"But Lai, and in a degree the Taiwanese in general, experienced numerous such things. It will not change them and will make the US and its core allies do more in their military support to Taiwan,” Shih said.

UN spokesperson Stephane Dujarric said it was following China’s drills closely. "We urge the relevant parties to refrain from acts that could escalate tensions in the region,” he said in a statement Thursday.

Chinese Foreign Ministry spokesperson Wang Wenbin, at a daily briefing on Friday, dismissed US calls for China to exercise restraint in relation to the latest drills. The US “is in no position to make such irresponsible remarks," Wang said.

Washington is legally bound to provide Taiwan with the means to defend itself and considers all threats to the island a matter of “grave concern.”

The US has been aiding in the upgrading of Taiwan's equipment and training, even while its official policy remains ambiguous on whether American troops and those of regional allies would be dispatched to defend Taiwan in the event of a Chinese attack.

China's exercises come on the heels of combined drills by US and its Dutch NATO ally in the disputed South China Sea, a crucial waterway for global trade, fisheries and energy resources which China claims virtually in its entirety.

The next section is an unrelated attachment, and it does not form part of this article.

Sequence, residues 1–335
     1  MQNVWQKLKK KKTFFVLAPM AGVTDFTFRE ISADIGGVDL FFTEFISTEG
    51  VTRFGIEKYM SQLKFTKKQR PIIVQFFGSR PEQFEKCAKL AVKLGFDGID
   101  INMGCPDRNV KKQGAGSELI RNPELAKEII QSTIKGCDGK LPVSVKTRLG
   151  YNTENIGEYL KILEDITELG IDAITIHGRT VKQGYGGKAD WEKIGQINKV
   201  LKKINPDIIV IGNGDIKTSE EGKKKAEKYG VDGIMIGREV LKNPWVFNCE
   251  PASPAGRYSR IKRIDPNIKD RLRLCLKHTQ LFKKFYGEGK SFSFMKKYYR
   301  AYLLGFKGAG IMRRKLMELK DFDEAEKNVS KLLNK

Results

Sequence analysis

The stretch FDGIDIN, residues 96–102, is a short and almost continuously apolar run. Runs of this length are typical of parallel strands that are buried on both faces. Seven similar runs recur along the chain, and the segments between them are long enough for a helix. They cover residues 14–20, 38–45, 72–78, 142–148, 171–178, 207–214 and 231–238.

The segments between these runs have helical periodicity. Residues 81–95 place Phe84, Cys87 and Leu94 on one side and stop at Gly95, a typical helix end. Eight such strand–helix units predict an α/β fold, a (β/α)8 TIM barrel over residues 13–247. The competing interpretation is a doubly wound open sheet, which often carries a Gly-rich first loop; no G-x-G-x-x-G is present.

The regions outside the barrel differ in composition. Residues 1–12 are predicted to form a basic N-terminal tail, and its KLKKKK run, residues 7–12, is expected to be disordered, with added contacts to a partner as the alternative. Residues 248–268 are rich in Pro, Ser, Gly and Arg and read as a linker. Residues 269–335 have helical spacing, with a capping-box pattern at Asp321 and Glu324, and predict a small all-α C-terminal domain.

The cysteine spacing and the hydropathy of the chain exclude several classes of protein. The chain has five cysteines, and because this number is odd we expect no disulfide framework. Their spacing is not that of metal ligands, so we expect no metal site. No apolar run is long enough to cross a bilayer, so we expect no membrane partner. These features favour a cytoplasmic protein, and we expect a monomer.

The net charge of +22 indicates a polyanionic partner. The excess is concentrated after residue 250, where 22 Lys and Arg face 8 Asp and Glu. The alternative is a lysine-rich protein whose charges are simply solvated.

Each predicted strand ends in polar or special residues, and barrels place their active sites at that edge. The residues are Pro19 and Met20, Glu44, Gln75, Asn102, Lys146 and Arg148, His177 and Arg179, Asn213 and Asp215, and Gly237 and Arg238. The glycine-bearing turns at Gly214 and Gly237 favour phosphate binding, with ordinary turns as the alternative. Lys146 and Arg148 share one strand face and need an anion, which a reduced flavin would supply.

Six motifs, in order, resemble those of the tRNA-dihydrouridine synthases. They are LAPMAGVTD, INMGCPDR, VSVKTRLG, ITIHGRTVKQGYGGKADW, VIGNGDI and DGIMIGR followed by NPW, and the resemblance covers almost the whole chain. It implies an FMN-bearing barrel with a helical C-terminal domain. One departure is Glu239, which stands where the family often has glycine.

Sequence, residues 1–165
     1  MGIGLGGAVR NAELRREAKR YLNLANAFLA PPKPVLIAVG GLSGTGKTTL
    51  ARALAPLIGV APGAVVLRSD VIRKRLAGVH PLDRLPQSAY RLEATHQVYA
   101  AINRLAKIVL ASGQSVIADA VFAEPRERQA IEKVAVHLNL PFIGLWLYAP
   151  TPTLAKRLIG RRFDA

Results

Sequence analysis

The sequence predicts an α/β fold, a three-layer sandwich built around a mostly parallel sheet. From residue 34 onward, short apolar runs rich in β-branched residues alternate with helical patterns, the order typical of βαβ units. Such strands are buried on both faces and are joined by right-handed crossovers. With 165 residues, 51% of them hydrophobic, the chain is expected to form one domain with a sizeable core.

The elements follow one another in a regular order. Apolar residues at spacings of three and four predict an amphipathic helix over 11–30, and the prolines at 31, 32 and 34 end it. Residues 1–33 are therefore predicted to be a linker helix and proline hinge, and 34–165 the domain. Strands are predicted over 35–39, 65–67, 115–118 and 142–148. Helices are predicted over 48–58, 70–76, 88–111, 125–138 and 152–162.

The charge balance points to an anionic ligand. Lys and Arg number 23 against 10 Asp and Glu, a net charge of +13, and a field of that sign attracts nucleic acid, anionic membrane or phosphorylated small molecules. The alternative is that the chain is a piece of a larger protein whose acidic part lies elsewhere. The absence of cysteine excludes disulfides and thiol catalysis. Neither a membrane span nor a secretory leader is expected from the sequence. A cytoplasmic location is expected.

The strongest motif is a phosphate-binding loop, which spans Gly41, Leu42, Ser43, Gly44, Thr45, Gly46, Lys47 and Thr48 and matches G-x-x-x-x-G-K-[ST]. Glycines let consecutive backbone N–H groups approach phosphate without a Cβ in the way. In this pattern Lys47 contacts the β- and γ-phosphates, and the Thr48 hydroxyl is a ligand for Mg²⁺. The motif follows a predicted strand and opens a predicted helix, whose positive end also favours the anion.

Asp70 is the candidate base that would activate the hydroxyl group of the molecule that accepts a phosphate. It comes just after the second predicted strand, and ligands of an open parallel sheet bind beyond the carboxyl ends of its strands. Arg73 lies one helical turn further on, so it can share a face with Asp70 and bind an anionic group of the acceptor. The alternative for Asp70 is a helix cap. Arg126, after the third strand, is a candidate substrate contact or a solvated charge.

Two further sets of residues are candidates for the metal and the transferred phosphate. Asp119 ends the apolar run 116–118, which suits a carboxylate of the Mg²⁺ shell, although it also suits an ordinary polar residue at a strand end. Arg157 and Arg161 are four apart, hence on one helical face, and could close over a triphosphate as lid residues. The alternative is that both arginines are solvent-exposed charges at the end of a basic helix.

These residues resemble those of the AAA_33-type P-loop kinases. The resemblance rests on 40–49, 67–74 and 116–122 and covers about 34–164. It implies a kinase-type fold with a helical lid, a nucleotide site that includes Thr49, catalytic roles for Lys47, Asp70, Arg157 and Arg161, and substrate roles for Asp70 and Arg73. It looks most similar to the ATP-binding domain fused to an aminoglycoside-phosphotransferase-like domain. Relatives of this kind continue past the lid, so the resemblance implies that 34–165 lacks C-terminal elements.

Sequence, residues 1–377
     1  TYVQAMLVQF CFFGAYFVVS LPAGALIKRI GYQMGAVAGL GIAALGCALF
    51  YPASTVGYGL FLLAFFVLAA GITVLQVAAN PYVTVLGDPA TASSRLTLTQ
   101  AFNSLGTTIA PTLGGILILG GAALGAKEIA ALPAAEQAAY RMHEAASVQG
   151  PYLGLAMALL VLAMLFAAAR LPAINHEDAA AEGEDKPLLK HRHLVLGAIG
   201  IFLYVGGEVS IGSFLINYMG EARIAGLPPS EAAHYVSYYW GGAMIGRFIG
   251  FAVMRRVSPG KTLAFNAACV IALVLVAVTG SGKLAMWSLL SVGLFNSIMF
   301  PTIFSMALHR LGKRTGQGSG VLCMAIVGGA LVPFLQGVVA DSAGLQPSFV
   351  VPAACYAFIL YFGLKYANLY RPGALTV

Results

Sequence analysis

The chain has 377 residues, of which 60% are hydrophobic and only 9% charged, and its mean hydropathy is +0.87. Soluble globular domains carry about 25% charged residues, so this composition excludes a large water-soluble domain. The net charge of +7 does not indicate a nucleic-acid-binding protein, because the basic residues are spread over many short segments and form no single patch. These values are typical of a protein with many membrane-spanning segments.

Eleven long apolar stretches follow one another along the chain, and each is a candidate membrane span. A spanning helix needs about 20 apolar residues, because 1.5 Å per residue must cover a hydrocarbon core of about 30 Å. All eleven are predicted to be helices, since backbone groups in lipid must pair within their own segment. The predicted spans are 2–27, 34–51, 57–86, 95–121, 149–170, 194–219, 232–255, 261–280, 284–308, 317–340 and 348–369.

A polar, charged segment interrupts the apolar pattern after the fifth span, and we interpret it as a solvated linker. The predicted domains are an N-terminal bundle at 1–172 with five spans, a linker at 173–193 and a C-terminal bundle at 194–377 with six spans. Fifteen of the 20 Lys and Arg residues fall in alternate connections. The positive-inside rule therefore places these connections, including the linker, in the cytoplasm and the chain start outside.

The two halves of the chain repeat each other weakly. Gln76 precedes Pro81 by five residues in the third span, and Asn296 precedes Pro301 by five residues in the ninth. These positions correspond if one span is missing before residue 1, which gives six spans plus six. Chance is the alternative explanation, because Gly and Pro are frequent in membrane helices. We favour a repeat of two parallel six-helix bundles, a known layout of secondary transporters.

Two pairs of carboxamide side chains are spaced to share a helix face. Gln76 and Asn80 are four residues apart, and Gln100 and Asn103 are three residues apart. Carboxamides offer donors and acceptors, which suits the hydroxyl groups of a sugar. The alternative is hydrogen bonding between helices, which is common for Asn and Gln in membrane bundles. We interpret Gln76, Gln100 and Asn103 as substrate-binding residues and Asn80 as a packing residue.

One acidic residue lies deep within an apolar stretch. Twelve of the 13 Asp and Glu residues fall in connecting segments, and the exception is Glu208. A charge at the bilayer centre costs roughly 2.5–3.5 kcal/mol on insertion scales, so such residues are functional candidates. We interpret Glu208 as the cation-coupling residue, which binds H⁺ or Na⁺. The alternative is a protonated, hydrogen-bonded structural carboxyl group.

China routinely objects to activities in the region by foreign military forces it accuses of acting without mandate outside their home regions. China has particularly pressed its claims against the Philippines.

The Philippines Defense Secretary Gilberto Teodoro on Friday criticized Beijing’s increasingly aggressive actions in the South China Sea, without citing China by name,. He spoke at a military ceremony marking the anniversary of the founding of the Philippine navy.

The Philippines, he said, would not tolerate aggression and provocative moves.

Since territorial hostilities with China surged last year in the South China Sea, Philippine President Ferdinand Marcos Jr.’s administration has taken steps to forge new security alliances with a number of Asian and Western countries and allowed a US military presence in more Philippine bases under a 2014 defense pact. (AP)